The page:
At the Women's March, People of Faith Among Those Resisting Trump

Image via RNS/Jerome Socolovsky

Their signs spoke of support for abortion rights, immigrants, Black Lives Matter, and science — and of their disgust with newly inaugurated President Donald Trump.

Politics drew hundreds of thousands to the Women’s March on Washington on Jan. 21. But many said they were also compelled by their faith.

Christian, Jewish, Muslim, and Buddhist, they rejected the notion that the conservative religious people successfully courted by Trump — out in force on the National Mall for his inauguration on Jan. 20— represent the only voice of religious America.

Marcher Kathy Fitzsimmons, a congregant at the progressive First Baptist Church in Greenville, S.C., chided herself for not being more active in civic matters when Barack Obama was president. Like many others at the march, she pledged to be more engaged in the future.

“I feel like I’ve put my feet up on the couch and went ‘my guy’s in the White House, I can take a vacay,’ and that’s not right.”

The sign she made for the march — “My Gay Son is a Gift from God” — needed to reference God, she said. “I wanted to be a voice for the faith community.”

Andy Miller said his Judaism brought him to Washington on Jan. 20.

“We’re here because we have to be here, and everything in our religious texts tell us to stand up for justice, for human rights, for equality,” said Miller, past president of Chizuk Amuno Congregation, a conservative synagogue in Baltimore.

“Obviously this is a women’s march, but it’s about a lot more than women’s rights, only because it’s about communities of color, it’s about protection of populations that are at risk. It’s about protection of First Amendment rights. It’s about everything we hold dear.”

Miller’s views mesh with those of the religious left, a portion of the electorate that has long taken a back seat in politics to the religious right, which is now watching Trump fill the upper echelons of the federal government with members from its ranks.

But some of those who study religion and politics say more left-leaning people of faith, with a clear foe in the White House, may be motivated to better organize and deploy their members during the next four years, and may even hope to regain the clout of its civil rights era days.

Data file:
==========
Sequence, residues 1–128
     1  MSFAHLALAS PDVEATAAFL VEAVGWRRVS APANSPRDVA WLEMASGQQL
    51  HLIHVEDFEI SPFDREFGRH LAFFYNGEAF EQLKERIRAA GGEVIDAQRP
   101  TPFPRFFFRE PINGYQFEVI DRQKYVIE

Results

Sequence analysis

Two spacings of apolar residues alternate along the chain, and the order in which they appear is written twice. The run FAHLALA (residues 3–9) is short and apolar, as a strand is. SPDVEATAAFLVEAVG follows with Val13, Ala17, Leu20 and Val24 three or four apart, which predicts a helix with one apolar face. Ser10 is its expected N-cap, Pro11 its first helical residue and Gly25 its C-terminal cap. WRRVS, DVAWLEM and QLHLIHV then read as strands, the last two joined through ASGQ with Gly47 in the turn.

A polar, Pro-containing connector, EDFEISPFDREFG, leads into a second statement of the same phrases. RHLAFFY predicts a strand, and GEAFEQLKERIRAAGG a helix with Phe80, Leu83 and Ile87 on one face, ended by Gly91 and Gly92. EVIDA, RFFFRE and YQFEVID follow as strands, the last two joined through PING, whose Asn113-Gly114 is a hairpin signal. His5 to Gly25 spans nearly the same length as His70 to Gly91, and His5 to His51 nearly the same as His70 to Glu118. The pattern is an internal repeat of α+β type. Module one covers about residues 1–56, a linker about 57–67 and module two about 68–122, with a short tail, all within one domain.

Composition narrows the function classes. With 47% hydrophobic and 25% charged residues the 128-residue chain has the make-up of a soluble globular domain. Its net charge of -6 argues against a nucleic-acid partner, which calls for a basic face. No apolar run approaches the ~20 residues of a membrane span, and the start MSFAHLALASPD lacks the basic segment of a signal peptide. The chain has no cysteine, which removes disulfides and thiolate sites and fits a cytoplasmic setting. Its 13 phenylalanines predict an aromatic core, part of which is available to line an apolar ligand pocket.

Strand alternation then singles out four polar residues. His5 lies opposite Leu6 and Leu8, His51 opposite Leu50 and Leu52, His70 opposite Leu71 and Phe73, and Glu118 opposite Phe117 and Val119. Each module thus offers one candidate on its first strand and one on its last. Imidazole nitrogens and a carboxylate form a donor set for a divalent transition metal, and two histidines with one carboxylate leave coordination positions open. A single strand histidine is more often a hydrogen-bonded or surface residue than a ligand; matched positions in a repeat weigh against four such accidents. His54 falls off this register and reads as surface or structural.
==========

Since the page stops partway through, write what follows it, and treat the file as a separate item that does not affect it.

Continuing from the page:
“The church is involved,” said Kathryn Harris, of Washington, D.C., who attends services at Howard University’s Andrew Rankin Memorial Chapel, and who came to the Mall after a pre-march gathering at a nearby Congregational church.

“Being a part of the political process has always been a part of the African-American tradition,” she said. “That was where Dr. Martin Luther King and so many others came from.”

The immense turnout at the women’s march — which, by some estimates, rose beyond half a million people, and eclipsed the crowd that showed up for Trump’s inauguration — may be one indication that the religious left is gaining strength.

Another possible sign: the recent spike in the number of congregations that have designated themselves sanctuaries for immigrants. Trump has threatened to deport millions.

The causes embraced on the National Mall — on signs and in speeches — embodied more liberal points of view on issues, ranging from LGBT rights to climate change. Abortion rights was part of the march’s platform, and organizers denied “partnership” status to a Texas group opposed to abortion.

Other marches on the same themes held on Jan. 20, around the nation and around the world, attracted larger crowds than organizers had anticipated. Marchers took to the streets in, among other cities: New York, Boston, Chicago, Los Angeles, Kansas City, Oakland, Paris, London, Berlin, Bangkok, Amsterdam, Cape Town, Tel Aviv, Mexico City, and Sydney.

At some marches, small groups of religious conservatives pushed back, chanting against homosexuality, and equating support for abortion rights with support for murder.

At the Washington rally, a man wearing a bright red T-shirt that said “Homosexuals and homosexual supporters will go to hell,” prophesied doom through a megaphone.

Marchers chanted back: “Jesus doesn’t hate!”

Many carried a poster of a Muslim woman in an American flag hijab by the artist Shepard Fairey, who created the 2008 “Hope” poster of Barack Obama.

Humera, a Muslim-American woman from Washington, D.C. who preferred not to use her last name, said her faith brought her to the march.

“The idea that women’s rights are human rights are very much a part of Islam, so yes, we are here,” she said.

Via Religion News Service.

Lauren Markoe covered government and features as a daily newspaper reporter for 15 years before joining the Religion News Service staff as a national correspondent in 2011.

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